That is an interesting point. We have had attacks on our goats here in Tanzania by hyenas and they started eating at the stomachs or udders. We see here that hyenas usyslly cause a frenzy, biting and killing as many sheep and goats as they can, whereas a leopard for example would take the biggest sheep and be off with it. Looking at this picture, it could as well have been an attack by a pack of hyena, but it does say there was an eye witness, and surely spores would tell the story as well?

    • Annette Cartwright

      About the baboons , that i didn’t know. I agree lions wouldn’t do that, this is going to be a planned kill of the lions. some people really think we are stupid.

  • Jeanette Leinweber

    The farmers will only receive N$ 20.000,- out of the total loss, if at all! So please if anybody is interested to donate to the fundraiser established for their compensation and upgrade of their kraals, also with view on preventing the Lions’ culling, please contact Izak Smit thru the link to his facebook page provided on top of the article. Thank you.

  • Jane Wrin

    I’d donate, just t ensure that a livelihood can be made without killing the Lions.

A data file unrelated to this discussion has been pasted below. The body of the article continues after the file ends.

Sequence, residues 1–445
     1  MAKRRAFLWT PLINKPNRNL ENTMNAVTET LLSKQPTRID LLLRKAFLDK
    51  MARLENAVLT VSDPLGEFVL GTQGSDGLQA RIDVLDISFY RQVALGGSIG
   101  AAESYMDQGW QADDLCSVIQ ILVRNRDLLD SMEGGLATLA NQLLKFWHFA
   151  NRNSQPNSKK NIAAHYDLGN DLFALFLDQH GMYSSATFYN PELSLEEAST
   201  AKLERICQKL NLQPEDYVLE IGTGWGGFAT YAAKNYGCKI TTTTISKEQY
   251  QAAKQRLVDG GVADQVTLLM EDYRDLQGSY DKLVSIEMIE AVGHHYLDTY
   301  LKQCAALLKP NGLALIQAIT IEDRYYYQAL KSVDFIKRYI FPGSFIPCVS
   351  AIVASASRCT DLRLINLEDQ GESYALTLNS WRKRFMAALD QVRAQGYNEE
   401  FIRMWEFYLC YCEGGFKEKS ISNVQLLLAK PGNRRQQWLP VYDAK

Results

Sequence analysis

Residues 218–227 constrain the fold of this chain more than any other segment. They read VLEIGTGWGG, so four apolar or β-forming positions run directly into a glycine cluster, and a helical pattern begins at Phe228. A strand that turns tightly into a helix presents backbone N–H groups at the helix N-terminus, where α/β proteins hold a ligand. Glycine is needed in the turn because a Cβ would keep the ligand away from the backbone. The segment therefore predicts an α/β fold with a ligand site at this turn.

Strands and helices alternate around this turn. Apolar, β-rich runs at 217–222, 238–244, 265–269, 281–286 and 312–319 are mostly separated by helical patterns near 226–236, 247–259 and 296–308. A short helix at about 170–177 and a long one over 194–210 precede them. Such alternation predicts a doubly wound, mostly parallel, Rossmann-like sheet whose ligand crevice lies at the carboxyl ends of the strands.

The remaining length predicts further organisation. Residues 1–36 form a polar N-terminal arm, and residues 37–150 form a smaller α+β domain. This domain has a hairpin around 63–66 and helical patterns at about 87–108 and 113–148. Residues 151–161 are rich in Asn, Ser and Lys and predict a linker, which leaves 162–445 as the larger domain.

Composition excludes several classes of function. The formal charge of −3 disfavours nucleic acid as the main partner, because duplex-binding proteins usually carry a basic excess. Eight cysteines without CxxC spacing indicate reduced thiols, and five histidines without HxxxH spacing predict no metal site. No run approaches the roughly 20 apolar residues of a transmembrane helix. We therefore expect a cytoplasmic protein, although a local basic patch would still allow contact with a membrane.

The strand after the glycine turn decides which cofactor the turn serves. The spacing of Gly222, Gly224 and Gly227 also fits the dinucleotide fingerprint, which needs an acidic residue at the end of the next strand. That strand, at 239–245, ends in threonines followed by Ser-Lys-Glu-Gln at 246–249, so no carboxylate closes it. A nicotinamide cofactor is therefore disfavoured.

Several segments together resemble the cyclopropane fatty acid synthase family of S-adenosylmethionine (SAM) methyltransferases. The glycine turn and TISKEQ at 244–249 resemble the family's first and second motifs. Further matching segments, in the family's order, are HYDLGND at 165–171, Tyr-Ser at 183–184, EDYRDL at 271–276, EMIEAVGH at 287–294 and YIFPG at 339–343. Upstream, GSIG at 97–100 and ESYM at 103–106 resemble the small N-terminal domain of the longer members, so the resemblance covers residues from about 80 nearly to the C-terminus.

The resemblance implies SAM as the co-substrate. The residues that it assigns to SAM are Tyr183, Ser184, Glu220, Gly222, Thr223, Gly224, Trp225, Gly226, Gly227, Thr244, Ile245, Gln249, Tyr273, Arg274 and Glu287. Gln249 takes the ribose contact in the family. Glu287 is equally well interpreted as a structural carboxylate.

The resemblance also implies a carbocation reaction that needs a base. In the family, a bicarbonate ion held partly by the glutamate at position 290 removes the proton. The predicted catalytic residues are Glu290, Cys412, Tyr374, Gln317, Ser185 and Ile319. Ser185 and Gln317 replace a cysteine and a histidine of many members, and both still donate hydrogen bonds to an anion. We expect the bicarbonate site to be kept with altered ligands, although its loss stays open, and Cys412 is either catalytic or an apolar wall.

• Chris

    looking at this picture does not seem that lions have killed all those goats. If it is true then its pity for them. Farmers need to have their livestock kept in special enclosure after having them grazed. Targeting the lions as a retaliation for those livestock is not a solution. Improvements must be made to keep them safe and secured from the predators. Efforts should also be made to reduce the human-wild animal conflicts and even interactions

    • Denine Mishoe

      These farmers are shown and given the materials but are too damn lazy to implement the improvements!

  • OLD SCHOOL

    Unfortunately this is a case of farmers losing their income. I can promise anyone that when poor rural communities experience this carnage, conservation is swept out at the back door. The reality is that more should be done by conservation bodies to ensure that this scenario does not repeat itself otherwise they will end up with poisoned carcasses. A Western approach will not resolve an African issue. Think of it of your bussiness being robbed by thieves and you have no insurance. The police cannot get your property back. Conservation bodies need to contribute towards the protection of livestock in an environment shared with predators.

    • Denine Mishoe

      People have pleaded and begged MET to collar these lions so they can be monitored for months now and MET has remained silent and done NOTHING! This is not the lions fault, it is human incompetence. I believe their plan all along was to just wait until the timing, like this, was right and then make this decision to have the whole pride (10-15 lions) murderer. It’s been their plan all along, obviously. Clearly, the funds that was ear-marked for this project have clearly ended up in other pockets, and again… the lions will pay the price. Who is the REAL ANIMAL HERE!?

      • OLD SCHOOL